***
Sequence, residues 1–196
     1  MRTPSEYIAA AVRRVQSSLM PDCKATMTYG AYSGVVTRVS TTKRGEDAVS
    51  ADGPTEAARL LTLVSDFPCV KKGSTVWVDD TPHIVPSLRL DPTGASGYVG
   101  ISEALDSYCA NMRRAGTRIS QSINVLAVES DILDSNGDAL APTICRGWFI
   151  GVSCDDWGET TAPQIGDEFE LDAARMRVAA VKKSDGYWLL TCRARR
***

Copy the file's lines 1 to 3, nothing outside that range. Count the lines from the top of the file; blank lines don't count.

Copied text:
Sequence, residues 1–196
     1  MRTPSEYIAA AVRRVQSSLM PDCKATMTYG AYSGVVTRVS TTKRGEDAVS
    51  ADGPTEAARL LTLVSDFPCV KKGSTVWVDD TPHIVPSLRL DPTGASGYVG